I had been using OneNote on and off for a while. It has some of the same problems Evernote has. But the absolute no-go for me was how it handled text notes on my laptop.

one note being terrible

This feature killed it. It was too much mental load, and I hated the extra UI it brought. It had most of the problems evernote did, and worse.

List applications

At this point, I read some parts of Getting Things Done again, trying to control my sprawling, anxiety-filled work life. It was useful, as always, but mostly to remind me to not use my brain to store data.

I then spent a bunch of time bouncing between different todo list apps, as a way to get stuff out of my brain and into a list. Learning about kinder todo lists was very helpful.

I tried a lot of these apps - Google Keep, Nirvana, Evernote / OneNote, TickTick. Nothing really clicked, but eventually I ended up on Todoist. The app was great, sync worked fine, and my flatmate also used it. Boom!

I was still looking for a note-taking app, which I considered quite distinct from the todo list apps. I was also finding the fixed format of todoist a bit limiting. I wanted each of my Projects to have a criteria of ‘this is now done’, but there wasn’t an easy way to do that in Todoist. The importance given to due dates was also nagging, and gave me anxiety.


Looking for cross-device markdown note taking apps led me to Inkdrop. Built by a single indie dev, has lots of plugins, and looked quite nice. I started using it and quite liked it in the beginning. It has a vim plugin which is an absolute requirement for me if I’m going to be writing a lot of text (or so I thought) However, I found I wasn’t using it as much. It had all the features I thought I wanted, but somehow it wasn’t quite fitting the mental model I had.


At this point, I heard about Roam Research. It looked really neat, and was quite different from the other note taking apps. I had always dismissed org-mode for its emacs-centrism, but this made me reconsider that. However, it was in closed beta, so I let it be. I’ll definitely re-visit it, especially if it has a good offline story.

I looked around for alternatives, and discovered workflowey. I’ll admit the list of endorsements on their home page was a big draw for me. However, when I tried to sign up, I got

one note being terrible

My usual password length is 63, and it totally failed that test. I also discovered they don’t support markdown so that rules them out


I discovered Dynalist as a Workflowey alternative. It has all the things I want, and I’ve been using it for a few days now. It’s been extremely awesome! The syncing is flakey, and I have some anxiety about losing data - but otherwise, the format itself has been great for me!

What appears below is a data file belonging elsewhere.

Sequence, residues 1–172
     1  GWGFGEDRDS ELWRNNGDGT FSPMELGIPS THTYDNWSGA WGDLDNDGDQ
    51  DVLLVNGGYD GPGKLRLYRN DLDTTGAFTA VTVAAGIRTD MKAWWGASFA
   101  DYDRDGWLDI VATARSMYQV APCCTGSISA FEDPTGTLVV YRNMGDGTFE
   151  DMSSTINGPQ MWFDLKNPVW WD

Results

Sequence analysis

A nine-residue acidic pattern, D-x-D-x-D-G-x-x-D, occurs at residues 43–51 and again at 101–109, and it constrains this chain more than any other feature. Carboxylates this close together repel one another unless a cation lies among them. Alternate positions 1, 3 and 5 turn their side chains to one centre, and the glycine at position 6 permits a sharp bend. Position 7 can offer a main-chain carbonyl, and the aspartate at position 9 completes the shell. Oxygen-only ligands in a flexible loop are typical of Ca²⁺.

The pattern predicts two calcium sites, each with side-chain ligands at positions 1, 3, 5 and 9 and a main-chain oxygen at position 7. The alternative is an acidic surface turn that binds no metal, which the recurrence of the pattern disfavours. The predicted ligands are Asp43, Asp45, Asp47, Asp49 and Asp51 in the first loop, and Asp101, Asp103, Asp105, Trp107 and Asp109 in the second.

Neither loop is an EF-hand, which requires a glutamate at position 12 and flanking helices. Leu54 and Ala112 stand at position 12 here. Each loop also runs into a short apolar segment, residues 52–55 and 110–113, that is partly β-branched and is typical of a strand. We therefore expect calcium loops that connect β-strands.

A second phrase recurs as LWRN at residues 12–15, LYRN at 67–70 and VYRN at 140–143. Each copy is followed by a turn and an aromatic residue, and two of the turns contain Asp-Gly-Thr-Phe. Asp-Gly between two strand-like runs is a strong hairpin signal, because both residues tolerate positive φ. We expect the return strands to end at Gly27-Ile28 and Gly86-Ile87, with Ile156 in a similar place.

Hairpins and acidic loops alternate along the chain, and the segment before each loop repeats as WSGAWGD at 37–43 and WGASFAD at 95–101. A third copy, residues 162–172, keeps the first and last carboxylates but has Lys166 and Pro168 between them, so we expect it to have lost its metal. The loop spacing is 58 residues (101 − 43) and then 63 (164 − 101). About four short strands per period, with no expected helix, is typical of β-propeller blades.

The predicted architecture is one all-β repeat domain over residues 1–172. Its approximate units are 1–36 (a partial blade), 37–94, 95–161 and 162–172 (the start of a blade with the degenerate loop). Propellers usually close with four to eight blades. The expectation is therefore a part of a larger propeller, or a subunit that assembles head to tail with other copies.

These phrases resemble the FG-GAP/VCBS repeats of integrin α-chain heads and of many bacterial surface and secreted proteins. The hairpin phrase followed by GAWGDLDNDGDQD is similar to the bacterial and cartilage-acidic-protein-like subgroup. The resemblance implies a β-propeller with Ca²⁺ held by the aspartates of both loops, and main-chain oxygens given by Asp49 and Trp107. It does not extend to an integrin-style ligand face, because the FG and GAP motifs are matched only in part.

So what I’ve realized is that I don’t want a note taking app, I wanted an outliner. Outliners seem to match how my brain works much better than purely hierarchical note taking apps. I can take notes without having to worry about organizing them first, and then organize them afterwards as I see fit. Very low mental overhad between what is in my brain and what’s on the screen. I like it.

I hope I can replace todoist with Dynalist too. I’ll experiment with it later. But for now, <3 dynalist. This blog post was written in dynalist, then edited in typora. Not bad.

Evaluation criteria

In the end, looks like I have these needs when it comes to outliners / note taking apps.

  • Markdown support, ideally with something like KaTeX or MathJax support

  • Cross-device sync across platforms (Mac, iPad, Android)

  • Full offline support, with sync that doesn’t lose data

  • Ability to hyperlink different parts of the system

I’ll look at Roam research later, but for now, I’m enjoying having a note taking system that matches how my brain seems to think.


Lots of good conversations about this in various places with Steve Deobald, Pratul Kalia, Robla, Prateek, Ankur Sethi and many others who I am clearly forgetting.

Would love to hear about what you use, via Email or Twitter.

I miss blogging too

This person misses blogs a lot. So do I. I made many frients, built myself a platform, and expressed myself in ways I do not feel like I can anymore on my various blogs. Some of them are lost to time, but some are there if you know how to find it.

Part of it was where my life was - I had time, nobody physically nearby I jived with, and a lot of angst. But now, I have too little time, and too many (hah!) wonderful people I enjoy interacting with on a 1-1 basis, nearby or not. Plus, with the death of blogging platforms (Medium is a publishing platform, not a blogging one), content is harder to find. As the author points out,

The other day I searched for an hour and couldn’t find even one. They used to be endless. You’d just click on one you knew on Blogger and either click Blogger’s random blog button, or go to the sidebar of the blog you knew where they always had a list of blogs they liked, sometimes four or 5, sometimes 20 other blogs. And the same with Tumbler.

Technorati is dead, and there isn’t anything like it. Twitter, Facebook, Instagram, Medium, etc are no replacements for long form text insight into someone’s lives. They have brought the internet experience to way more people, but I feel like they have taken something away from me.

I guess this will be one of those blog posts that end with me saying “I will try to blog more” and then there are no more posts for the next few years :)